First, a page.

Opening a savings account is easy to do and can hold your child’s money in a safe place while at the same time earning them dividends to add to their balance.  You can put money into the savings account at any time for that future vehicle they may want, or to help pay for college or any future needs that may arise.

2. Open a Share Certificate

Opening a Share Certificate will lock your child’s money away for a certain period of time so that they can only have access to that money once the Certificate matures.  It is easy to set up and can earn them higher dividend rates than a regular savings account.  Check with your credit union on how much funds are required to open a Share Certificate – you may be surprised! 

What better ways to put your child’s money away, help secure their future, and teach them about saving money!

4 Steps to Plan Ahead and Save Dough at Dinnertime

With food prices on the rise, saving money at the checkout is becoming a key priority for many families. Simple steps can help cut back on those grocery bills.

1. Coupon First, Plan Second

Creating a meal plan is often everyone’s first step towards saving money. However, skimming through the coupons and sale ads first can help you determine what should be on your meal plan for the week. Build the meal plan based on the sales.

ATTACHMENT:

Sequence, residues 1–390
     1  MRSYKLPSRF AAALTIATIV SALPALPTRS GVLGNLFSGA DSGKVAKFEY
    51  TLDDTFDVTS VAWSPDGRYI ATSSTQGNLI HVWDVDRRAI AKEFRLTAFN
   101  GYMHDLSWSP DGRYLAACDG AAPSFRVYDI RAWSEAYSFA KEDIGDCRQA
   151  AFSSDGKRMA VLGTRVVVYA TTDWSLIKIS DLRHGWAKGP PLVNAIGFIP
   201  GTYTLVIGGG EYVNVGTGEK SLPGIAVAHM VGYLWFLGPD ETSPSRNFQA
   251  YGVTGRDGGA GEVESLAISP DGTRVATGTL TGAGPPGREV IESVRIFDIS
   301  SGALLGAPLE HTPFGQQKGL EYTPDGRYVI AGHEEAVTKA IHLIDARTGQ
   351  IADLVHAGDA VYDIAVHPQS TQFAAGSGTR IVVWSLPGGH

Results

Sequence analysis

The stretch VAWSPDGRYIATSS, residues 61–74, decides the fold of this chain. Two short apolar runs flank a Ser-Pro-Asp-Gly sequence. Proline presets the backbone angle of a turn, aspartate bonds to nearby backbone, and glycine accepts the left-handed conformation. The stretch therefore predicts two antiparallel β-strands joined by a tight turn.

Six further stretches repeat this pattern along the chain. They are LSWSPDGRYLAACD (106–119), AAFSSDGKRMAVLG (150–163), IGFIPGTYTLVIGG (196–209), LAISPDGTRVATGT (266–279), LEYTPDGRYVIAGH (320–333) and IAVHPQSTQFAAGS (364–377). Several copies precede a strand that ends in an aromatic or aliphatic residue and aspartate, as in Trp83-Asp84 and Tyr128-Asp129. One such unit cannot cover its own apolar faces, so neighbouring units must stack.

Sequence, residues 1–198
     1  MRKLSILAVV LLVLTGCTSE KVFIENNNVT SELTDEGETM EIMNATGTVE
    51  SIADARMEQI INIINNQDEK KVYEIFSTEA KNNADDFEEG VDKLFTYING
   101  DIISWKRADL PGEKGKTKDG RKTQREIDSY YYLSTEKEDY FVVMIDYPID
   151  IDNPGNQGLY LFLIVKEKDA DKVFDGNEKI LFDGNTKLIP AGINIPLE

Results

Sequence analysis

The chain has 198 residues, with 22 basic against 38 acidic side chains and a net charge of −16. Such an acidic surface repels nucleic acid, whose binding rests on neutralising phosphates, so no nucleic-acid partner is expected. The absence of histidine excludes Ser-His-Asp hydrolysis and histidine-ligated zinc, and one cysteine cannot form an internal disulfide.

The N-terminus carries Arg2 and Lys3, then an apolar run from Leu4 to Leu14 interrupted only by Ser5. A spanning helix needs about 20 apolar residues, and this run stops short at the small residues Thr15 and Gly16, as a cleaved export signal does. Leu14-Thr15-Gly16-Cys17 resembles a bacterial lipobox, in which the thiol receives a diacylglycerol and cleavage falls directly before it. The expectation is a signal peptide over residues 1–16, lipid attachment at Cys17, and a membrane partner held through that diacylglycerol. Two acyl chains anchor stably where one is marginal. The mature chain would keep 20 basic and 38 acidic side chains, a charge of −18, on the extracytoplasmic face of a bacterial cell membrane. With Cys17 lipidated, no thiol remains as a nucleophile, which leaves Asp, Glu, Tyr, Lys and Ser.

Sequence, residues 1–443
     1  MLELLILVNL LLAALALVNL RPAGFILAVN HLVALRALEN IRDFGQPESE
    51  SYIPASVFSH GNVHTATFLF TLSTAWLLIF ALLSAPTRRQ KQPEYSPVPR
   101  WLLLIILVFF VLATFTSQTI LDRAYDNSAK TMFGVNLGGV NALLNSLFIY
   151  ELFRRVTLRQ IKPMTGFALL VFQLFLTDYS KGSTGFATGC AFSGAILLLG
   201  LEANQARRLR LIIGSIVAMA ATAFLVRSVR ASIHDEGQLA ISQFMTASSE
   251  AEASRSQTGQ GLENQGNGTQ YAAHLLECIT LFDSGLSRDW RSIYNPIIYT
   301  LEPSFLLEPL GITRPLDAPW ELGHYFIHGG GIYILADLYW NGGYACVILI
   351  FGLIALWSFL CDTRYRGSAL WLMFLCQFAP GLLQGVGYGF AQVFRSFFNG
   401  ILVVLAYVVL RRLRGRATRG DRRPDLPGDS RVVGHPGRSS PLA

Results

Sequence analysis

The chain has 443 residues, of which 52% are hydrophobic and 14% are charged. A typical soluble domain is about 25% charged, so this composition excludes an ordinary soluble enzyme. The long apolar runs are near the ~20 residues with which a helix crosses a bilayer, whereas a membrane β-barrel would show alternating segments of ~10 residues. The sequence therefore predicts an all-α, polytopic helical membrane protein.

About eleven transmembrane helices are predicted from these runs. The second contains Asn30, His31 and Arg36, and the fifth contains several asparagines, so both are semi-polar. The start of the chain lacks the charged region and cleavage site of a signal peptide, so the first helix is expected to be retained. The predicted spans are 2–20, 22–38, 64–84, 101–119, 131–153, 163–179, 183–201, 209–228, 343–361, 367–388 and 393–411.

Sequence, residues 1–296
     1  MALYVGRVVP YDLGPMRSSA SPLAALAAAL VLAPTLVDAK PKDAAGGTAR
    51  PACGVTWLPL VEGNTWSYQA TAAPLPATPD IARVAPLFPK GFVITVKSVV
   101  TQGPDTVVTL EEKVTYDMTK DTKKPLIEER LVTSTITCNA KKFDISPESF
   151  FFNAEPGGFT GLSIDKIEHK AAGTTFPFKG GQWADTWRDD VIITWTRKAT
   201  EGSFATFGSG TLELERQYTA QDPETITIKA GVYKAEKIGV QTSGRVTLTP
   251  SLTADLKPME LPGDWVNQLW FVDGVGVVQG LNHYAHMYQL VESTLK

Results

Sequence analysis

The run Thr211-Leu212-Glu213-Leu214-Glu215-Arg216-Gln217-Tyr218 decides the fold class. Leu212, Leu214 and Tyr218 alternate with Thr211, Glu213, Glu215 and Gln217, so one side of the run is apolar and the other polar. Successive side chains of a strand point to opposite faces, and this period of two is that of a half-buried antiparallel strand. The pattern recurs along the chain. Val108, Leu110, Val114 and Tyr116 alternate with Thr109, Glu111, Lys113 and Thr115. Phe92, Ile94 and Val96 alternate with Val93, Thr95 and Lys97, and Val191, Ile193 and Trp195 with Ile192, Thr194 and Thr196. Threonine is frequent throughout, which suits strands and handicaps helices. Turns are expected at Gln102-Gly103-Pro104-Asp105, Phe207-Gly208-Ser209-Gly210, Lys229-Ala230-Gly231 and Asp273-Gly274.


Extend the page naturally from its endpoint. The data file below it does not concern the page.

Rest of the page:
2. Price Match

Thanks to major retailers, price-matching foods saves time and gas because shoppers don’t have to run from store to store. Coupon apps such as Favado can search all area sale ads for your grocery items.

3. No Eating Out

Instead of eating out, create your favorite restaurant dish at home. Look on Pinterest for recipes from some of your favorite eateries, then get the whole family involved in transforming your kitchen into a restaurant.

4. Prepare

Don’t be tempted to swing through a drive-through. Taking a few hours once a week to prepare foods ahead of time (cooking chicken, slicing veggies) can save you time at night when practice runs late.

Save Now or Save Later? 2 Retirement Options

IRA stands for “Individual Retirement Arrangement.” An IRA is a special type of account intended to hold assets for an individual person’s retirement. Individuals may open traditional or Roth IRAs, but what is the difference?

Traditional IRAs usually provide a tax benefit now to the owners. Contributions (deposits) to a traditional IRA may be tax deductible if the individual qualifies. Then, when the money is withdrawn during retirement years, the funds will be reported as income.

Roth IRAs usually provide a tax benefit in the future to owners. Contributions are not usually tax deductible at the time they are made, but most Roth assets can be withdrawn tax-free during retirement years.

A person can have both types of IRAs and also multiple IRA accounts at multiple financial institutions. The important thing to remember is that between any and all IRAs you may have, you may only contribute up to $5,500 per year. If you are age 50 or older you may contribute an additional $1,000 each year. If you have multiple IRAs it is important to keep track of all your deposits to avoid any excess contributions.

Brought to you in part by:

WESTconsin Credit Union »